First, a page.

Reijer Kooyhaas (1906–1994), a leading historian of science, delivered his Gifford Lectures – "Fact, Faith and Fiction in the Development of Science" – at the University of St Andrews 1975–1977. The lectures were published posthumously by Kluwer Academic Publishers in 1999.
The leaflet for the lectures provides the following detail:
1. Introduction: Fact, faith and fiction
2. The search for harmony
3. The philosopher’s stone
4. From alchemy to chemistry
5. A tunnel through the earth
6. “And the sun stood still”
7. Old and New in Renaissance Science: (i) Fact against fiction
8. Old and New in Renaissance Science: (ii) Discovery or rediscovery?
These lectures are concerned with the historical interplay of three essential ingredients in the pursuit of scientific knowledge, which I have called ‘fact’, ‘faith’, and ‘fiction’. After a general Introduction, Lecture 2: “The search for harmony” will show how faith in a mathematical harmony behind nature has inspired numerical speculations – some fruitful, others wildly fanciful – from the time of Pythagoras to the present day.
In Lectures 3 and 4: “The philosopher’s stone” and “From alchemy to chemistry” we will look at a different approach which goes back to the naive realism of Aristotle. Instead of seeking a world behind the visible world, this attempts to build theory upon direct sensory experience. Taking an organic view of nature, it moves by subtle reasoning from sensed qualities to substances presumed to be responsible for them.
In Lecture 5: “A tunnel through the earth” we shall follow the developing relation between mechanics and physics in the Middle Ages, which culminated in the shift from organic to mechanistic images of nature. Starting from Aristotle’s theory of motion, which was based on common earthly experience, we will investigate the efforts by mediaeval philosophers to put this into mathematical form. One of the most delightful examples of their reasoning concerns the problem of an imaginary tunnel through the earth.
Lecture 6: “And the sun stood still” will examine the case of Copernicus to show how he increased the unity of the world-picture while still clinging to dominant ‘fictions’ and to identify the main reasons for which his work was accepted or rejected.
The next two lectures will consider the new role of facts under the general title “Old and New in Renaissance Science”. Lecture 7: “Fact against fiction” examines the conflict of loyalties that arose in the rather dim period between the end of the Middle Ages and the rise of modern science in the 17th Century. In Lecture 8: “Discovery or rediscovery?” we will look particularly at the conflict between the notion then current, that the discovery of true knowledge was merely the return to the ‘knowledge of the ancients’, and the growing confidence that most truth lay still undiscovered in the future.
1. Thinking with the hands
2. Utility versus Reality: (i) In theories
3. Utility versus Reality: (ii) In classification systems
4. Nature and Art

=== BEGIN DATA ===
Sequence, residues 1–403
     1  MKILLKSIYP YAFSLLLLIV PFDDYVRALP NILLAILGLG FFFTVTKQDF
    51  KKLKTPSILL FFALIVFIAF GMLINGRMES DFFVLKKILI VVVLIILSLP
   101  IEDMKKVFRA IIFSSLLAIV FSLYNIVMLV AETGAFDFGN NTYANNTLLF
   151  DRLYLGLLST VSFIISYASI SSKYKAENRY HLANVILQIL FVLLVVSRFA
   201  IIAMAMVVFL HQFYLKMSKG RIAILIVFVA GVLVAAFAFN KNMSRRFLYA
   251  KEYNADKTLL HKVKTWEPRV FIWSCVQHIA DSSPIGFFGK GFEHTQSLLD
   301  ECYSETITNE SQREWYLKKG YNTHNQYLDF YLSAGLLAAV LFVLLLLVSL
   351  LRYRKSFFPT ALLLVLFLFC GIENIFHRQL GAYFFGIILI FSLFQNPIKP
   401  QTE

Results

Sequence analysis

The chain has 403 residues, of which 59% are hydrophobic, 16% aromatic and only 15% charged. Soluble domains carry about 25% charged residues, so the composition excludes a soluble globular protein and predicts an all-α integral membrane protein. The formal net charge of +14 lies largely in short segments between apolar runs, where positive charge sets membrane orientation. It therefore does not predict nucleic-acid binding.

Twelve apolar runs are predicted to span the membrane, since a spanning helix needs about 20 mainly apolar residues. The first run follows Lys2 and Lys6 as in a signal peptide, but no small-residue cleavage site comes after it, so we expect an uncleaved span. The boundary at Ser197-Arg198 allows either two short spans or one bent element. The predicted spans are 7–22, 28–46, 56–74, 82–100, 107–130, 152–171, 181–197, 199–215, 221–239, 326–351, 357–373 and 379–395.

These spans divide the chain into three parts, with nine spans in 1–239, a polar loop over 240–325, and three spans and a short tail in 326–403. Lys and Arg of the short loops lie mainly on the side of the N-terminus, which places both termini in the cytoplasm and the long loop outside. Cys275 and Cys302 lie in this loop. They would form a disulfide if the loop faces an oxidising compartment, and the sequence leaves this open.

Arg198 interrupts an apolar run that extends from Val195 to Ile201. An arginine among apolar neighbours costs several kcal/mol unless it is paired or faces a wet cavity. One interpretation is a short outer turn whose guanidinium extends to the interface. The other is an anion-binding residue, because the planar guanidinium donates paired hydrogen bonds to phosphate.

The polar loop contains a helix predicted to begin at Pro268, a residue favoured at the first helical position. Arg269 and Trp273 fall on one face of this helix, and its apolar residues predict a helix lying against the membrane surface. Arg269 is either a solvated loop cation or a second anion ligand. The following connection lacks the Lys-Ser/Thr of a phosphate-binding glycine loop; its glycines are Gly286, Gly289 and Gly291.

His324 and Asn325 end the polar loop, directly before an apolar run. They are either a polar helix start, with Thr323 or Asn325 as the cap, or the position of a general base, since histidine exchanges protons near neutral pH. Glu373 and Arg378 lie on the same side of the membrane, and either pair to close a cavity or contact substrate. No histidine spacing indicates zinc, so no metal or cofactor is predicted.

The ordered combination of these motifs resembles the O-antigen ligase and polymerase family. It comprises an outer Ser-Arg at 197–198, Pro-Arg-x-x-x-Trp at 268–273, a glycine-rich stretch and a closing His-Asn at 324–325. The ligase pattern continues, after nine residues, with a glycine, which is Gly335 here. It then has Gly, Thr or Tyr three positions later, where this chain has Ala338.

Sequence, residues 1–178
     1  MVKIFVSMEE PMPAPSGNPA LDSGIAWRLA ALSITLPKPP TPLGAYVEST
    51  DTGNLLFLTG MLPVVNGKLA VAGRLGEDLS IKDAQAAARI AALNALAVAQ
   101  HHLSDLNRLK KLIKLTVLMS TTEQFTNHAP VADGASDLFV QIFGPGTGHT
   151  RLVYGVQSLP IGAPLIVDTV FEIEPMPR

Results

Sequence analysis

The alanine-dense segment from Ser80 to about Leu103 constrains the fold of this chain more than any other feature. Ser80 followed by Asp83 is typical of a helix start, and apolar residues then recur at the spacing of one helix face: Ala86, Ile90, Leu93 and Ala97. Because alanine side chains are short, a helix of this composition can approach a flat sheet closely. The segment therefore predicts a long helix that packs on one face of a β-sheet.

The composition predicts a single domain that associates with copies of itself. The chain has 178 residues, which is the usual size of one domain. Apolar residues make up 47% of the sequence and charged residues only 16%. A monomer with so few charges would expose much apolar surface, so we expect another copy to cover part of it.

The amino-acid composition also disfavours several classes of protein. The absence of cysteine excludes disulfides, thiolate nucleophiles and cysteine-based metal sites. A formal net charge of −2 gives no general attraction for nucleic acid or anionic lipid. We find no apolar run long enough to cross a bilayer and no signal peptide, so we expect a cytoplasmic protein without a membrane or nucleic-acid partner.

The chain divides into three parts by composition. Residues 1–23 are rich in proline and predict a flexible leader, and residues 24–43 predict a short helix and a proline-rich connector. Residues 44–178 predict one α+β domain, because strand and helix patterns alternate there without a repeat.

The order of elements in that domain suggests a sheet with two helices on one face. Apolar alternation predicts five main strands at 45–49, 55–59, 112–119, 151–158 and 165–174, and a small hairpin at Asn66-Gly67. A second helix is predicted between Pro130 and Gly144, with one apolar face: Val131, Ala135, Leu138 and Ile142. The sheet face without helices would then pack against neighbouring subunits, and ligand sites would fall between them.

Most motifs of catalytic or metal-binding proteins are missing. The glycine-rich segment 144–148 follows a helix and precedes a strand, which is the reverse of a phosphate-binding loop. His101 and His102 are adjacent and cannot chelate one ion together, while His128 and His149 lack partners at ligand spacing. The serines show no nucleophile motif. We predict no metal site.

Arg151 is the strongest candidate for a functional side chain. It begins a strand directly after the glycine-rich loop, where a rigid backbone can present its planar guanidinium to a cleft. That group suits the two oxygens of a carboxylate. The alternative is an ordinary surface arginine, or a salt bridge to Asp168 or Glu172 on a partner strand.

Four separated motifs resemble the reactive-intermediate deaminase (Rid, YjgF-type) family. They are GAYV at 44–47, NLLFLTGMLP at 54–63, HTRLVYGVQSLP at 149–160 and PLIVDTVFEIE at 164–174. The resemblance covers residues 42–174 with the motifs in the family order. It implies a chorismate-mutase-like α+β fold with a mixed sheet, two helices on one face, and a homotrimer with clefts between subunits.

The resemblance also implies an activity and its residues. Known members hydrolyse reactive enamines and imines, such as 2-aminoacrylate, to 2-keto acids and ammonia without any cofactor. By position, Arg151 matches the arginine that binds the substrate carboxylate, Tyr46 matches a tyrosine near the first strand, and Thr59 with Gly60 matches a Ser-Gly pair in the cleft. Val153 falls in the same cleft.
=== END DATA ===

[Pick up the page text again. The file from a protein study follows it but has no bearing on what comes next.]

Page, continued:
5. Cleopatra’s Nose
6. Reconstructing the past
7. “Civil and Natural History”
8. The “thinking reed”.
The second part of this series will open with some methodological questions. Lecture 9: “Thinking with the hands” will deal with one of the most troublesome issues for the founders of modern science: Is it legitimate to experiment with nature? Can any worthwhile knowledge be gained by means of manual labour? If results do not fit with theory, which should give way?
In Lectures 10 and 11, on “Utility versus Reality” in theories and in classification systems respectively, we will meet another issue, which is still debated up to the present time. Is the purpose of scientific theory to represent reality, or is it only to offer a useful way of bringing phenomena together, without making any pretence at a realistic interpretation? A similar problem is presented by the distinction between artificial systems of classification, adopted merely because they proved useful, and those based on natural criteria.
The classical opposition between “Nature” and “Art”, a problem raised int he humanities by Peter Ramus, and in the Sciences b Francis Bacon, is discussed explicitly in Lecture 12. Was it perhaps impossible in principle to surpass or even to imitate nature successfully, as for example by chemical synthesis of minerals, or by making artificial models of natural processes?
In Lecture 13:”Cleopatra’s Nose”, the way in which a single ‘fiction’ can blind us to evident facts will be illustrated. We shall see how one of Newton’s very few “hypotheses” hindered the development of chemistry as late as the first half of the 19th Century.
Lecture 14: “Reconstructing the past” will take up the relationship between fact, faith and fiction in the hazardous business of inferring the past from its relics int he present. The 18th – 19th Century controversy between “uniformitarians” and “catastrophists” in geology raises the methodological issues in a particularly sharp form.
Lecture 15 will consider another aspect of this same problem. Under the title of “Civil and Natural History” I will point out some contrasts between human historiography, and the “historiography” of nature.
The final Lecture, entitled “The ‘thinking reed’”, will discuss the views of Pascal on science and faith. This will lead us to ask in retrospect what role – beneficent, harmful or harmless – has generally been played by Natural Theology in the development of science.
University of St Andrews/R. Hooykaas